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    And does anyone rmb what Q1 G for the summation one was about? The acc question

    and what Q1J-b acc was
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    Heres my thoughts for question 1H:

    1) y = a - x^2
    2) y = x^4 - a --> x-intercepts at 4throot(a) and -4throot(a)

    set y=0 and find x-intercepts:
    1) root(a), -root(a)
    2) 4throot(a), -4throot(a)

    integrate both between limits (x-intercepts):
    1) [ax - x^3/3] = (a^1.5 - (a^1.5)/3) - (-a^1.5 - (-a^1.5)/3) = 2a^1.5 - 2a^1.5/3 = 4/3 * a^1.5 = 4a.root(a)/3
    2) [x^5/5 - ax] = ((a^1.25)/5 - a^1.25) - ((-a^1.25)/5 - (-a^1.25)) = 2a^1.25/5 - 2a^1.25 = -8/5 * a^1.25 = -8a.fourthroot(a)/5

    set the two areas equal to each other:
    4/3 * a^1.5 = 8/5 * a^1.25
    a^0.25 = 6/5
    a = (6/5)^4
    only one answer to do with (6/5)^4
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    Well I've ****ed up 🙄
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    Looking at the answers, I reckon I got somewhere between 65 and 70.

    Should that be enough to get an offer from Imperial that's solid?
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    (Original post by 17lina)
    And does anyone rmb what Q1 G for the summation one was about? The acc question

    and what Q1J-b acc was
    The summation question I think you're talking about, to quote myself:

    (Original post by ShatnersBassoon)
    There was some kind of recurrence relation like
    a1 = 1; a(n+1) = Σak [from 1 to n]
    and the question was to find Σ(1/an) [from 1 to infinity]

    Sorry about the bad formatting; in words:

    There was a sequence where each term was the sum of every previous term in the sequence, starting with 1. So it goes 1, 1, 2, 4, 8, ... Find the sum of the reciprocals of this series. The sum was 1 + 1 + 1/2 + 1/4 + 1/8 + ..., which you could use the GP formula on, or 1+1 = 2 and the rest is a fairly famous infinite sequence which sums to 1. So the answer was 3.
    1J: Might have messed up some of the options in particular because I spent more time analysing some of them than others. But this was roughly it:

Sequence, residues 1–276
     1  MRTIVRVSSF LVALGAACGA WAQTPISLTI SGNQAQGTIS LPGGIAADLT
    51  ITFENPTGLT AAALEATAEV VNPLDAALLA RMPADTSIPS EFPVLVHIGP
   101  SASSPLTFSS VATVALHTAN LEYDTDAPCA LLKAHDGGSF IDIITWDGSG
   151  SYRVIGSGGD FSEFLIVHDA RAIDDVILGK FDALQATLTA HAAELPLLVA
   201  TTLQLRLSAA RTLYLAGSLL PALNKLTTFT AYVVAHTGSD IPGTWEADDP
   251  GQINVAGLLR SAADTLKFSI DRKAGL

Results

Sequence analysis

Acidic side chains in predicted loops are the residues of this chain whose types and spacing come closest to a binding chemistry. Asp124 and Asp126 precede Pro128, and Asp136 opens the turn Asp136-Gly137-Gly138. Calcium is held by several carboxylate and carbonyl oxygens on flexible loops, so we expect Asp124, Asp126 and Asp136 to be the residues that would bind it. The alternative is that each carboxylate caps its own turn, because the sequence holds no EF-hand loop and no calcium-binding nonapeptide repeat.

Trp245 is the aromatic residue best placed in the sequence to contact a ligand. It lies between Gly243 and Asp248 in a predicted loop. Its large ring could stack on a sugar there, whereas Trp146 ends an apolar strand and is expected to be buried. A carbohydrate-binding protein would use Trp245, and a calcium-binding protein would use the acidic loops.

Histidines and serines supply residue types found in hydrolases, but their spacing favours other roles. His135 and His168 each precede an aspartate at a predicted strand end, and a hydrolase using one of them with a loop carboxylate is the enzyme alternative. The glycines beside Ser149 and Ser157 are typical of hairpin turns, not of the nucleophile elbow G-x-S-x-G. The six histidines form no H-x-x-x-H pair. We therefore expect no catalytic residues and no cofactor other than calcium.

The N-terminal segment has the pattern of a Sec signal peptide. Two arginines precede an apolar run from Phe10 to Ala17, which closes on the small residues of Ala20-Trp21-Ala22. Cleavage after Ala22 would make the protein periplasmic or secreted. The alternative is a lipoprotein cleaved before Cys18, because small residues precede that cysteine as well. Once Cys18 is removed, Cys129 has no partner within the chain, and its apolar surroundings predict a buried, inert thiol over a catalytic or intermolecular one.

Let ∏(n) denote the number of unique prime factors in n; for example, ∏(8) = 1 and ∏(6) = 2. Let x(n) equal the last digit of n. Which of the following statements is false?

    (a) If ∏(n) = 1, there are some values of x(n) for which n must not be prime.
    (b) If ∏(n) = 1, there are some values of x(n) for which n must be prime.
    (c) If ∏(n) = 1, there are some values of x(n) which are not possible to obtain.
    (d) If ∏(n) + x(n) = 2, it is not possible to determine whether n is prime.
    (e) If ∏(n) = 2, there are some values of x(n) which are not possible to obtain.

    [I think the TSR consensus is (b), which is what I put. Although "Which is false?" instead of "Which is true?" nearly caught me out.]
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    MCQ,H: The area for x^4-a is negative right? (Provided a>0) Or does that not matter somehow?
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    (Original post by steven7891)
    MCQ,H: The area for x^4-a is negative right? (Provided a>0) Or does that not matter somehow?
    If an integral yields a negative result when evaluated, I believe you take its absolute value to find the area under the curve.
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    (Original post by Superdjman1)
    Looking at the answers, I reckon I got somewhere between 65 and 70.

    Should that be enough to get an offer from Imperial that's solid?
    If you did get 65-70, that's a pretty impressive score, so I'd say yes.
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    I think I got around 50. This seems too low for Imperial but I have strong GCSE's and AS results. Would that help me get an offer?
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    (Original post by ShatnersBassoon)
    The summation question I think you're talking about, to quote myself:



    1J: Might have messed up some of the options in particular because I spent more time analysing some of them than others. But this was roughly it: